Neil deGrasse Tyson Again

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Darth Spock
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Re: Neil deGrasse Tyson Again

Post by Darth Spock » Mon Feb 29, 2016 5:05 am

My sentiment as well, sonofccn. In the past, I'd frequently vacillate between either Trek or Wars having a definitive edge, I'd see something like what you're saying here Mr. O. and wonder if, "gee, maybe Trek is way more powerful after all," but then memories of things like these would float into my mind:

"Big Beams 'o Death" in Trek: ... els130.jpg ... els131.jpg ... gs1043.jpg ... gs1047.jpg ... gs1049.jpg ... gs1057.jpg ... gs1058.jpg ... gs1059.jpg ... gs1060.jpg

Or the Borg's "some type of laser beam" cutter:
Carves several linear meters through the hull and a couple of underlying decks in under a second, no explosions, no fires, no scorching. But that was a magic Borg beam operating inside a forcefield/tractor beam, so I guess we could let that one slide.

Torpedo strikes on the hull with 100% shield penetration: ... fullsize=1 ... fullsize=1 ... fullsize=1 - (OK, the original vid has a bigger flash than the cap, but still pretty typical "weak sauce Hollywood effects.") ... fullsize=1
Here is the result of some disruptor strikes, at least the ones that hit, these Klingons apparently went to the Stormtrooper Marksmanship Academy.

Later a "spread" of torpedoes targeting the unshielded BOP's primary reactor: ... fullsize=1 ... fullsize=1 ... fullsize=1 ... fullsize=1 ... fullsize=1 ... fullsize=1

And then there's a weapon hit that blows a hole through the double hull construction around the bridge of the Enterprise E, but is considerate enough to not fry/blind/irradiate the crew (or set fire to the carpet.) ... X_4031.jpg ... X_4044.jpg
Later, we can enjoy watching the large warship blow up through the hole they put in the bridge.... ... X_4770.jpg ... X_4771.jpg ... X_4772.jpg ... X_4774.jpg

Here's a 23rd century Constitution Class vs. a mirror universe 22nd century NX.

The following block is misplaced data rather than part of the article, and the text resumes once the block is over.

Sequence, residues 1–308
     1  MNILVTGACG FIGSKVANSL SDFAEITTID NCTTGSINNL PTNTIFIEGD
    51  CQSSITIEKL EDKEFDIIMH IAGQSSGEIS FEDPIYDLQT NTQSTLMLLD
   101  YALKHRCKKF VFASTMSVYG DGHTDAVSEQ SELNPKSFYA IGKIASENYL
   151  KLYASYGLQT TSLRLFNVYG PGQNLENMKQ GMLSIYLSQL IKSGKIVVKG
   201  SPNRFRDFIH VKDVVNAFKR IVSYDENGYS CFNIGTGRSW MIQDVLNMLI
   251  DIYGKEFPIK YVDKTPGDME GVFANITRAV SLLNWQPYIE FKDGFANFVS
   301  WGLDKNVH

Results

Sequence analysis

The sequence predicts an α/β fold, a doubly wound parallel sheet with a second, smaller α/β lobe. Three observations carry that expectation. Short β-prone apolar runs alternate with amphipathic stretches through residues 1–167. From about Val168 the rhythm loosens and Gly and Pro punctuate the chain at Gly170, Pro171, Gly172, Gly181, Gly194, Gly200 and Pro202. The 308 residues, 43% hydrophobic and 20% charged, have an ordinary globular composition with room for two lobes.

Suddenly the "blue belly beam" from ROTS is in perfect company. ... I_0053.jpg ... I_0054.jpg ... I_0055.jpg ... I_0056.jpg
The only thing missing is the over-penetration, and that's usually considered a bad thing anyway.

Here are some fun pics of TL turrets shredding Venators after their defenses were nullified. Not bad for a rip-off of the Second Battle of Chin'toka: ... 2_0216.jpg ... 2_0213.jpg ... 2_0215.jpg ... 2_0223.jpg ... 2_0224.jpg ... 2_0226.jpg ... 2_0236.jpg ... 2_0237.jpg
Or heck, here's the clip.

Mr. Oragahn wrote: ST definitely has proof in script of longer ranges measured in thousands of km for weapons such as phasers, and uses torpedoes too which have no reason to lose their targeting capacity against SW's warships, and ought to be just as great as for phasers, if not much better because they're guided.
On the other hand, at best you get 100 KM for Venators' turbolasers iirc from the ROTS novelization, and a very large and immobile ion cannon capable of hitting at ranges of thousands of km rather large ships with the agility of beached whales. Once might confer a semi-ability at homing to the ion projectiles that may explain their capacity to hit at such ranges despite their overall low speed.
Mr. Oragahn wrote: Are we talking about the artistic liberties taken for the sake of entertainment? Space battle ranges probably are the first things that get sacrificed on the altar of watchable fun, followed by real explosions, real lasers and momentum.
The point also is that ST clearly highlights the existence of this internal issues through production-side decisions and resulting contradictions between visual ranges and stated ones.
"Artistic liberties." I'm afraid that one doesn't fly for me, at least as one sided as the evidence is. It's kind of like taking Trek's big, juicy, dialog based range "apple," and comparing it to Wars' little visuals based range "mandarin orange," while ignoring Trek's small visuals based "clementine orange" ranges. What does that leave us with, besides fruit salad? The dialogue/script/HUD may make more sense, and perhaps should take precedence, but Wars' offers no compatible comparison. And if the visuals are proportionately symbolic, then Wars may actually take the lead. If memory serves, the longest visually observed battle in Trek against a non-stationary target was the battle at Wolf 359 in the DS9 premiere, I think it was no more than 50 km. Note that I'm not advocating that position, just trying to illustrate my point. I actually agree that the narratives do suggest greater ranges for Trek. But with such vague data on the Wars side, how can it be clearly determined how much?

Nor does it help that one of the longest range engagements in TNG "The Wounded" involved transponder hacks. I imagine it's a lot easier to hit something that is actively broadcasting it's navigational data. That kind of feels like one of those military shows where they gush about the precision of the advanced "smart" ordinance while skimming over its huge reliance on someone "painting" the target or using input from an extensive satellite network. Of course there is still plenty of evidence putting Trek ranges in the tens of thousands of km and even past 100,000 km, but weighed against such a large number of much shorter visual ranges, one could question how reliably Trek ships can operate at these ranges under harsh combat conditions, assuming we take everything at face value, and try to merge them together.